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Archive for October, 2023

Breathing new life into obsolete journals: a collaborative digitisation/open access project

By Christina Daouti, on 18 October 2023

Front cover of the UCL journal 'Wepwawet', showing the title, an image of Wepwawet depicted as a wolf, and the details: 'Volume 1, 1985, University College London). Red sticker at the bottom saying' 'not to be removed from the Library'.Guest post by Dr Katie Meheux, UCL Institute of Archaeology Librarian

Working collaboratively with colleagues in LCCOS and the wider Egyptology community has enabled us to make ‘Wepwawet: Research Papers in Egyptology’ available as open access through UCL Discovery, UCL’s open access repository.

Each year, thousands of academic journals publish innovative and exciting research. Some of these journals endure for decades; others rapidly become obsolete. They languish on library shelves, their contents forgotten.  The journal ‘Wepwawet: Research Papers in Egyptology’ (volumes 1-3, 1985-1987), produced and edited by PhD students from the former UCL Department of Egyptology, was one of these publications.

The project

In summer 2023, I came across ‘Wepwawet’ on our library shelves. I’ve been working to digitise the Institute of Archaeology’s historical journals, raising funds to make the ‘Annual Report’ and ‘Bulletin’ available as open access. Wepwawet looked like another good candidate. Volumes were short, highlighted UCL’s long history of contributions to Egyptology (the study of Ancient Egypt) and contained research that is valuable to Egyptology scholars around the world.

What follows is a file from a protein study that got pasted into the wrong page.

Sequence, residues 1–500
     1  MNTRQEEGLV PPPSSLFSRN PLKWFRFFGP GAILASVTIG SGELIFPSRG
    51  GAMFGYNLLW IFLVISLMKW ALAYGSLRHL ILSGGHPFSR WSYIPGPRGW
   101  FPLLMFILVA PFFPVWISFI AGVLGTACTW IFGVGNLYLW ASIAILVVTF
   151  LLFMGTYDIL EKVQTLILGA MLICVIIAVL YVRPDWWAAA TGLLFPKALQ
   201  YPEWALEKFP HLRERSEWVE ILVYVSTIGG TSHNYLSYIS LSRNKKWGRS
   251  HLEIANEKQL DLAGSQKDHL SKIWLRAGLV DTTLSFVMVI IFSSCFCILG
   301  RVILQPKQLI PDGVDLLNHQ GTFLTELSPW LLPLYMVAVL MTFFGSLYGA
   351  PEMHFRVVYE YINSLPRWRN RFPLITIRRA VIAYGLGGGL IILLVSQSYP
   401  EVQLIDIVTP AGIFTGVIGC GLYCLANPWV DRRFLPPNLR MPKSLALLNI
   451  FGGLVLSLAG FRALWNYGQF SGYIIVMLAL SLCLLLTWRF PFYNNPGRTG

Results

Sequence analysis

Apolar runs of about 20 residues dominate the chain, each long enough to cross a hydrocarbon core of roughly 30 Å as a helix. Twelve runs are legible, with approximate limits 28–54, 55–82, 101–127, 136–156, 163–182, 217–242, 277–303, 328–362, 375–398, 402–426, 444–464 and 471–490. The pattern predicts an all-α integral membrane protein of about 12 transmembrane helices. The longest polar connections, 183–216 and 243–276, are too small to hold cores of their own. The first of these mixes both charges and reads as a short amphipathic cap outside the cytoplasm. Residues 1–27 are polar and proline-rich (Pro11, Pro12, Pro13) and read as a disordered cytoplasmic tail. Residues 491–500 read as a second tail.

My first step was to find a copy of the missing second volume. Contacts in the wider Egyptology community helped me out: I borrowed and scanned the missing volume from the British Museum Library. With advice from Christine Daouti, UCL’s Copyright Support Officer, I then approached the former editors of the journal, Mark Collier, and Mariam Kamish, who shared the copyright with UCL. Both Mark and Mariam were supportive of the project and immediately gave permission to digitise. With their agreement, the scanned contents of the journal were added to UCL Discovery the same day and are now available online with a Creative Commons Attribution licence (CC BY).

The outcome: from the shelf to the world

The project to digitise ‘Wepwawet’ demonstrates how co-operative, pro-active initiatives within communities of practice can breathe new life into forgotten journals, and can be quick, easy, and low cost, but with high returns.

Making a digital copy of the journal open access supports its preservation, makes it discoverable and ensures that scholars – including native Egyptian scholars seeking to interpret their own past – can access, read and cite this research. A Creative Commons licence (CC BY) makes it possible for others to share and build upon this work, while attributing the original creators.

Thanks to all involved!

Creative commons logo, displaying CC in an inner circle and the words 'some rights reserved' and 'creativecommons.org' in an outer circle.

Creative Commons sticker logo. Source: https://creativecommons.org/about/downloads/. Used under the Creative Commons Trademark Policy: https://creativecommons.org/policies#trademark